Over the years, I’ve reviewed quite a few “The Art of” Disney books from Chronicle. My first purchase was The Art of Tangled and now I usually receive books from the publisher. I realized recently that I didn’t have The Art of Ratatouille, which released in May of 2007. Ratatouille is my favorite animated film. I purchased the book and thought I’d also review it. I started Mousesteps the month the book debuted but it was many years until I started reviewing books regularly.
Information on the book from the publisher:
From the hit-makers at Pixar Animation Studios who brought us Buzz Lightyear, Nemo, and Mr. Incredible, now comes Remy, the furry star of Ratatouille. A lovable rat (yes, a rat!), Remy is driven by his passion for fine cuisine to become a chef—against all odds and with madcap adventures along the way—at the most famous restaurant in Paris. The Art of Ratatouille includes more than 200 of the artistic ingredients in this heartwarming film: storyboards, full-color pastels, digital and pencil sketches, character studies, maquettes, and more. In this exclusive movie tie-in book for adults, effusive quotes from the director, artists, animators, and production team reveal the genius at work inside the studio that changed cartoon heroes forever.
Copyright Chronicle Books
With Remy’s Ratatouille Adventure opening at EPCOT, there is a renewed interest in the film. While the ride isn’t new for me, having been on it many times at Disneyland Paris, the experience is new at EPCOT with an expansion of the France pavilion. Even just when opening the book, seeing Remy and Emile scurrying on a fence overlooking the Seine and Notre Dame reminds me of looking toward EPCOT’s International Gateway from the new expansion.
Director Brad Bird writes the introduction, and he talks about not knowing anything about Paris, gourmet cooking or rats when tapped for the film. That changed quickly.
The Art of Ratatouille offers a lot of character studies…how Remy, Emile and other characters were designed. There are a number of pages talking about the sewers of Paris and then to where Remy realizes he’s in Paris. A few pages on Anton Ego talk about how he’s like a Grim Reaper with a coffin shaped office.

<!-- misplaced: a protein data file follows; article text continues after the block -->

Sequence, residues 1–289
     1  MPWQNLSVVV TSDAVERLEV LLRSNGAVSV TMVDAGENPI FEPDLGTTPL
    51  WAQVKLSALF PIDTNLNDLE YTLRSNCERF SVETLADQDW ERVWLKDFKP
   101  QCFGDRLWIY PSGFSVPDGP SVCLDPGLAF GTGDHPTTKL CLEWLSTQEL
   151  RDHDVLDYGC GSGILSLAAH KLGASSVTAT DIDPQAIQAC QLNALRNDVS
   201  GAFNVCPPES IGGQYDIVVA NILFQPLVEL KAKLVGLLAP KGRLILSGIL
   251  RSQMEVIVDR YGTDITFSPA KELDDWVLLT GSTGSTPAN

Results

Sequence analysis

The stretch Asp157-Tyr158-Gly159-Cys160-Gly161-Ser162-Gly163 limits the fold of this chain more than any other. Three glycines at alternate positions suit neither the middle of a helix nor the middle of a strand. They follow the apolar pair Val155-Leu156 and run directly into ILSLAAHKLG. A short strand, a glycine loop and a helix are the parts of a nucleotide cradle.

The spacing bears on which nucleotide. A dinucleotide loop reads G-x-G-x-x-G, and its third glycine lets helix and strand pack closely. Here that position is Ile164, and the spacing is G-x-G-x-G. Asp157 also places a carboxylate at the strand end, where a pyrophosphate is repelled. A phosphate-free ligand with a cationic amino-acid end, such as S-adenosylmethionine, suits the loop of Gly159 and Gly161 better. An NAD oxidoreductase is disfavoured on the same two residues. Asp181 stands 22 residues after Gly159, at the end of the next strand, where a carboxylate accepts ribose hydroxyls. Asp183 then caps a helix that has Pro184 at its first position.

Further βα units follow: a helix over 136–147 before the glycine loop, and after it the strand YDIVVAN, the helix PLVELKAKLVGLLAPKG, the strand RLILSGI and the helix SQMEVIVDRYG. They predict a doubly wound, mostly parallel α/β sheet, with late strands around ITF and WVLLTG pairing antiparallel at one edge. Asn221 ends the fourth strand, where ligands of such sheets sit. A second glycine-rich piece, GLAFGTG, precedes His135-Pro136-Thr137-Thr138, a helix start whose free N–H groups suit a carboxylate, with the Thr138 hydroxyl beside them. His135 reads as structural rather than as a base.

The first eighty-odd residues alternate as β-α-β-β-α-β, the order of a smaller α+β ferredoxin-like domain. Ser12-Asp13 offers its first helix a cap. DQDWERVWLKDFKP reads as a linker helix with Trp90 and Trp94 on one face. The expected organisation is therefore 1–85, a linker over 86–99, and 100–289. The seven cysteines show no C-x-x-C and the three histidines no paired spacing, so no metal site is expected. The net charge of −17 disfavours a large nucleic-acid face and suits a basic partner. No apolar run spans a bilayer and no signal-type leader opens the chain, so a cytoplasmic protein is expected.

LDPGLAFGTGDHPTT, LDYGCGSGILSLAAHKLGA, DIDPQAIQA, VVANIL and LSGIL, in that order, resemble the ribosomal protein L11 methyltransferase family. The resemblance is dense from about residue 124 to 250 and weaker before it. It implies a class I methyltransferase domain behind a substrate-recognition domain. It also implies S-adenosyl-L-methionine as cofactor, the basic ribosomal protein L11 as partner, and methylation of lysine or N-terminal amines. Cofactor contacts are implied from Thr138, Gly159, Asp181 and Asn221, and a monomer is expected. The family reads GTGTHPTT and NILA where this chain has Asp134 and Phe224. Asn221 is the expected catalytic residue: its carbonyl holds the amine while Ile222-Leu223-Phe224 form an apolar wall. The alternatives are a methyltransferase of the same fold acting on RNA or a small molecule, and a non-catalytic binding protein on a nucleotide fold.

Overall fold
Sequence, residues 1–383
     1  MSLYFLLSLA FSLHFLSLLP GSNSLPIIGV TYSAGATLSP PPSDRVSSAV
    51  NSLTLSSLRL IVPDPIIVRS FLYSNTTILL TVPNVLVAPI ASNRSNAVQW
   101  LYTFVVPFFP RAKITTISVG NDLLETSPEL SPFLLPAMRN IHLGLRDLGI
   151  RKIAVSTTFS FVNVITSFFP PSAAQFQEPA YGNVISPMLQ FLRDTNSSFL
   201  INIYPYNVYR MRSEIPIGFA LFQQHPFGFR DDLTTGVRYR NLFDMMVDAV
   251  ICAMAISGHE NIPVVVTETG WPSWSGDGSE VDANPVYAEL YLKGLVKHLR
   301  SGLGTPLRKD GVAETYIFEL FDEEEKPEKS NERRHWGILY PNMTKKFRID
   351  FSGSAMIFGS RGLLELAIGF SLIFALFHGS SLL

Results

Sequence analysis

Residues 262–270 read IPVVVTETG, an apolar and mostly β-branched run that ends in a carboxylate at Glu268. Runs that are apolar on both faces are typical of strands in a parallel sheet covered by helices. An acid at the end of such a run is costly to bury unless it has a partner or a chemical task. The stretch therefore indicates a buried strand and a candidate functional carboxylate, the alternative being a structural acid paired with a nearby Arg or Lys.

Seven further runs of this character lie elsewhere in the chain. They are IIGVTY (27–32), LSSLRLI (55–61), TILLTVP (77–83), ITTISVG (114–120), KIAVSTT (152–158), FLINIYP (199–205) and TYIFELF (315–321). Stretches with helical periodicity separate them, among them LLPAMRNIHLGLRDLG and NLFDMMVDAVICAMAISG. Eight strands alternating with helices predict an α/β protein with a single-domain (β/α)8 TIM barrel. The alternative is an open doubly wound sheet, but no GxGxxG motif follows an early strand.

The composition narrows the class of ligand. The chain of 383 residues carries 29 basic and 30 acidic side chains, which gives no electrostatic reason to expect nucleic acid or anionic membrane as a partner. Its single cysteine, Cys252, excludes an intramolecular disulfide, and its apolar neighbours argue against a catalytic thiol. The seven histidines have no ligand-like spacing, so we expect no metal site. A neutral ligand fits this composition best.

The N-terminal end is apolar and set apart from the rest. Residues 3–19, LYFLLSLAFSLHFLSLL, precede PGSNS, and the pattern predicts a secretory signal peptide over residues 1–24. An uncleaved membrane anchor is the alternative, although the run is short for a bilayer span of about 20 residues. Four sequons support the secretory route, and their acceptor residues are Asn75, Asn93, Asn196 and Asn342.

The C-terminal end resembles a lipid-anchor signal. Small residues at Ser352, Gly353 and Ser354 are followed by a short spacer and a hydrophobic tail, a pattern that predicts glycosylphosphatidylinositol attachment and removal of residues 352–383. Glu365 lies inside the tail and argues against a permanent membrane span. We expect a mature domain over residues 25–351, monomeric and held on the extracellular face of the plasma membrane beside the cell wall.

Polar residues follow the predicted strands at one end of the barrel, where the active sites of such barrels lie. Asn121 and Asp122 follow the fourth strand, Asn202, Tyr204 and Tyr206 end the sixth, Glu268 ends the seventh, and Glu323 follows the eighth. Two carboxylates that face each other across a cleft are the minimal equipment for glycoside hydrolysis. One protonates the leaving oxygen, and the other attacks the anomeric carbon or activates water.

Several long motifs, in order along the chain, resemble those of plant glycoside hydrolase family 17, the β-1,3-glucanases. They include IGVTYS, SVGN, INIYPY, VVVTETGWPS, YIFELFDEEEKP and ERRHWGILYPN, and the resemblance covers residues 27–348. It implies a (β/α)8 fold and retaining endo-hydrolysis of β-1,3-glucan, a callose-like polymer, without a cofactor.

The kitchen plays a very important role in the movie. Research trips included a lot of visits to Parisian restaurant kitchens because they are different than in America. And some artwork is shown of the pantry, which reminds me of moving through it while riding Remy’s Ratatouille Adventure.
There is beautiful artwork of Paris. Brad Bird says in The Art of Ratatouille that the story could have taken place almost totally in the kitchen, but “I took every opportunity I could to break the action into Paris – Notre Dame, the Seine, Montmartre. After all, if we’re going to be in Paris, let’s see some Paris!” And for me, that is the most wonderful part about the film and artwork. I still remember seeing Remy look over Paris for the first time.
The back of the book features a couple of pages showing various logos proposed for the film. There were a lot of good ones!
“Ratatouille” is my favorite animated film and Paris my favorite location to visit – so The Art of Ratatouille is a really great addition to my bookshelf. Paris to me is a work of art – you don’t have to go into museums to see beautiful sculptures and designs. And The Art of Ratatouille has some gorgeous artwork showcasing that and gives more insight into the film.
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